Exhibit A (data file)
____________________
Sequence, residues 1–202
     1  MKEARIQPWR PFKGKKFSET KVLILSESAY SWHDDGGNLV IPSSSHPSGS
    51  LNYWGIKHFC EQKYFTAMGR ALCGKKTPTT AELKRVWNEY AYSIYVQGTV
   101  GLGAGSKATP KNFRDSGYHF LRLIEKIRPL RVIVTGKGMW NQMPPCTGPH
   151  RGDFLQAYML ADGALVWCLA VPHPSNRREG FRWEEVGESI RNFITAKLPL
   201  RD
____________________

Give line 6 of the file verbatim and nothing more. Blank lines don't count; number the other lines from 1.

   201  RD